I am currently researching the Vieira and Lopez(s) families. I see your comments and I would like to know if you might be referring to Emanuel Vieira (Grocer) of Springfield who married Annie (?). He also had a sister Anna who married Joseph Lopez they had 8 children and she died very young and suddenly in 1870. Another sister married a Mr. DeFrates. I am hoping to find out if the same Vieira family is the one you are referring to from Santo Antonio da Serra and how you found this.
      Thank you
      Jeanine Sauerwein

      • Brian Barwick says:

        Jeanine:

        The Vieiras I mentioned were three brothers who settled in Jacksonville. One was named Manuel but I think he was a farmer in Jacksonville and your Emanuel is a different person. If your interested in tracing Emanuel back to Madeira i could suggest some approaches. Doris Sanford was a descendant of Marcos Vieira (a brother to the 3 Jacksonville brothers) who i understand researched all things Vieira. Her papers are at the Lincoln Presidential library. That might be a good place to start. Also, I traced the Santo Antonio Vieiras using publicly available records and would be willing to explain how I did that. However, too lengthy for this forum.

  5. LB says:

    I noticed the photo of the DeFrates Market in this article. Does anyone know the first name of the DeFrates who owned the market? I might have a connection.

    • editor says:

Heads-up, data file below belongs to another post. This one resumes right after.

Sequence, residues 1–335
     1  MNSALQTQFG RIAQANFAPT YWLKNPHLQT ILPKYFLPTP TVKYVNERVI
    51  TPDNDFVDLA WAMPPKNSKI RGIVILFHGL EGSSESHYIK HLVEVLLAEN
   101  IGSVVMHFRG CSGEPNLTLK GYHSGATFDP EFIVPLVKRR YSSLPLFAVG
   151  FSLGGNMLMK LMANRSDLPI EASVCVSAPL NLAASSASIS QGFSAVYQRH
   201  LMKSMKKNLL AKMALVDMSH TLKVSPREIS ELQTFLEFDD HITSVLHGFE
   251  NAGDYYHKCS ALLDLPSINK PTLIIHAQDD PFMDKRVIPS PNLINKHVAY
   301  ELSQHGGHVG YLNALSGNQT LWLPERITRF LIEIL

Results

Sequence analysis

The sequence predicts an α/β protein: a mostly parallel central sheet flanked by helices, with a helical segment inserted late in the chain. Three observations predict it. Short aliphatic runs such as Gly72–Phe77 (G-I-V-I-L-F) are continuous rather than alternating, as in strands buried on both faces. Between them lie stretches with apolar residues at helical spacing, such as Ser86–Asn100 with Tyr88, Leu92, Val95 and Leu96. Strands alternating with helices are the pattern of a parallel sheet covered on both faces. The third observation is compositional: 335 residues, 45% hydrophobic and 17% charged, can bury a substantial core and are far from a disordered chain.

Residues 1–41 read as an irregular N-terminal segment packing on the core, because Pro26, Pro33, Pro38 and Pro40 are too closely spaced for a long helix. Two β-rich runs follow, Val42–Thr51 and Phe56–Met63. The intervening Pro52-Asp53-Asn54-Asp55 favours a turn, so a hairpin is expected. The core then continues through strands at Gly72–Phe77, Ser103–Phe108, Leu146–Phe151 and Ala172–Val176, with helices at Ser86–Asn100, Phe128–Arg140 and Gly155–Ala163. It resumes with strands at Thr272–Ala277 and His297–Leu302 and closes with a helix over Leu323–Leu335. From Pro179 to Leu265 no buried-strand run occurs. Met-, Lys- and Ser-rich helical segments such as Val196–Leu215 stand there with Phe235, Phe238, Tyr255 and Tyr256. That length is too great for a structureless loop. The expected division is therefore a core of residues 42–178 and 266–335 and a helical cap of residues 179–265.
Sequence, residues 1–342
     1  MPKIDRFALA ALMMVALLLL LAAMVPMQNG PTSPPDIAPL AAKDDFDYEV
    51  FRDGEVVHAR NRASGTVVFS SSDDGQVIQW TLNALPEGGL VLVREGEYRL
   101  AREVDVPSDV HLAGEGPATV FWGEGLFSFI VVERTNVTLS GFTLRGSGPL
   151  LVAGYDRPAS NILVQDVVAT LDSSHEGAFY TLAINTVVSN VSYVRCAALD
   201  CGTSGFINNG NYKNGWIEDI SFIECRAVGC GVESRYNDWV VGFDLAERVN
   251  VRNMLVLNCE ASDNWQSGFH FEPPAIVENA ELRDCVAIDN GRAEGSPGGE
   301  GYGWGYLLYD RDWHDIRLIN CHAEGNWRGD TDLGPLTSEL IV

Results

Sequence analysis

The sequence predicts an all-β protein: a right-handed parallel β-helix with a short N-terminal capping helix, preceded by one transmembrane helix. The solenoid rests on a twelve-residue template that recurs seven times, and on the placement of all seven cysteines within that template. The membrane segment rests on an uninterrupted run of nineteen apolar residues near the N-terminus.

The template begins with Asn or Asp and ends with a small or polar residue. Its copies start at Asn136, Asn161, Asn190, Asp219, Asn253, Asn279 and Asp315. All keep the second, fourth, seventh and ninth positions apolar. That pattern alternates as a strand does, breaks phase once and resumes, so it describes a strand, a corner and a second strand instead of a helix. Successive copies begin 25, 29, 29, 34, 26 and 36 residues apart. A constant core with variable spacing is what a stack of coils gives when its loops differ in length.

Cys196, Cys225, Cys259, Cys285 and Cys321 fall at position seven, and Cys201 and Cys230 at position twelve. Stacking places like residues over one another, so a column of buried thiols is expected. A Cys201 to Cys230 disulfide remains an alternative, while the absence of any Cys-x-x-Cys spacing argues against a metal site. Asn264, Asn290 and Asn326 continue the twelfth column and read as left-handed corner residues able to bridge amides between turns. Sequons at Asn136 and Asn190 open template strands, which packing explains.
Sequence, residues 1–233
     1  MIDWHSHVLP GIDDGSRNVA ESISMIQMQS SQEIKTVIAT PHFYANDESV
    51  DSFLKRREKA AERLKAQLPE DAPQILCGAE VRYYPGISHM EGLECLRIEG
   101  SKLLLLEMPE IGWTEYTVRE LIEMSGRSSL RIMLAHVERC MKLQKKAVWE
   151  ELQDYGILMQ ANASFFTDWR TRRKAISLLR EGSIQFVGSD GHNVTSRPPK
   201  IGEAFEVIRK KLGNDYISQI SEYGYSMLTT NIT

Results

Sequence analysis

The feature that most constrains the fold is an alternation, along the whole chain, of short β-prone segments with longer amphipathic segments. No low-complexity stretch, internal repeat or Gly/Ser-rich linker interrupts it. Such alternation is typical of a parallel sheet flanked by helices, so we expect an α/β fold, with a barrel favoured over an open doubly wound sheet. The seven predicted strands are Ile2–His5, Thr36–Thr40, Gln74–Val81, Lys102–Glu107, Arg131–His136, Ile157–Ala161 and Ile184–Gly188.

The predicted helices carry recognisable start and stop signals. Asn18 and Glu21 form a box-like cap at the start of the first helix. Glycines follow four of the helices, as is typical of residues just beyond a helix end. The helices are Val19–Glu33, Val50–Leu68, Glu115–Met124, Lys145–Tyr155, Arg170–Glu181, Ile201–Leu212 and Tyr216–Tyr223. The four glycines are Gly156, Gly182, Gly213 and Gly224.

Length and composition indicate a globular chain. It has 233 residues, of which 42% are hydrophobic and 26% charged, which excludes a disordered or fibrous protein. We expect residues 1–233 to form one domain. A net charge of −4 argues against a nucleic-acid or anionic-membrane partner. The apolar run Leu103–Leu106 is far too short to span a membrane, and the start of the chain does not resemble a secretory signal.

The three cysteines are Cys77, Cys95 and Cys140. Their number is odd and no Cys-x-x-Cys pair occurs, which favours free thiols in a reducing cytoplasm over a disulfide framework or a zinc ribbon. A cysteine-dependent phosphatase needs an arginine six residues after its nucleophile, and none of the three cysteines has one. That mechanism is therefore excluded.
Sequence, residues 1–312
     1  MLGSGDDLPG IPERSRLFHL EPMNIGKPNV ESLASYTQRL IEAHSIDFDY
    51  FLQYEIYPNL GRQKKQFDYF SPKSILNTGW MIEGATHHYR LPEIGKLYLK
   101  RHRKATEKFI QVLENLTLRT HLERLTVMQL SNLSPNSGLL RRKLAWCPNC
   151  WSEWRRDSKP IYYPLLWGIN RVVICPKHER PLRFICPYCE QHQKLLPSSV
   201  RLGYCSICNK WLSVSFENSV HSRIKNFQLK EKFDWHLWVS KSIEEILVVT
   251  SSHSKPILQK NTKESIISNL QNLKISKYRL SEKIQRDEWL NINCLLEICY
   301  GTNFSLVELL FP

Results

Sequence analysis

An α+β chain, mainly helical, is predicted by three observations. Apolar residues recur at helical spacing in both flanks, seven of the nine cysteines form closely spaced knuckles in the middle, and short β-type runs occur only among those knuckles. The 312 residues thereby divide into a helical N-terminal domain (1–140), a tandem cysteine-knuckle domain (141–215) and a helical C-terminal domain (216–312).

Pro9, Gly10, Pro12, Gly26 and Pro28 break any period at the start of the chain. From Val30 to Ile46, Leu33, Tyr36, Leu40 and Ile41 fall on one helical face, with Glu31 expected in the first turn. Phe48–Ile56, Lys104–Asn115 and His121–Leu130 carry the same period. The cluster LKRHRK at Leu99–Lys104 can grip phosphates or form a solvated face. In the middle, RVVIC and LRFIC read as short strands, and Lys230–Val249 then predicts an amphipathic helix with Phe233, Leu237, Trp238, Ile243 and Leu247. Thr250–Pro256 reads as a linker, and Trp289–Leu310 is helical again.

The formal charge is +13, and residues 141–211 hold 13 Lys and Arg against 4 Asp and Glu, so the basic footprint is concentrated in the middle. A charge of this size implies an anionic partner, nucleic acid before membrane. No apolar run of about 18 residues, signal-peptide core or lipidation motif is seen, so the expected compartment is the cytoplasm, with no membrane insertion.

LB: Newspaper ads in 1919 and 1920 list the owner only by initials: A.J. DeFrates. However, the 1920 U.S. Census lists an Arthur De Frates (no middle initial given) as a grocer in Springfield. My guess is that’s him. You can check with the Sangamon Valley Collection at Lincoln Library to confirm — they have city directories for the period. You can do that in person if you’re in central Illinois. Otherwise, call the library at (217) 753-4900. Thanks for reading.

      • Kathy Cassity says:

        My mother, Ruby Fernandes, is related to a Joe, and Ray DeFrates. Her father was John Fernandes who was born in 1865 or 66, in Springfield, and his parents came to Springfield in the 1800s from the Madeira Islands.

  6. LB says:

    Thankyou!! We are planning a vacation and want to make a stop in Jacksonville/Springfield to research family history. We have several lines, Vasconcellos, DeFreitas, Govia, from the Isle of Madeira, religious exiles who settled in the area during the mid 1850’s. One of my ancestors first employment upon arrival was chopping wood for Abraham Lincoln.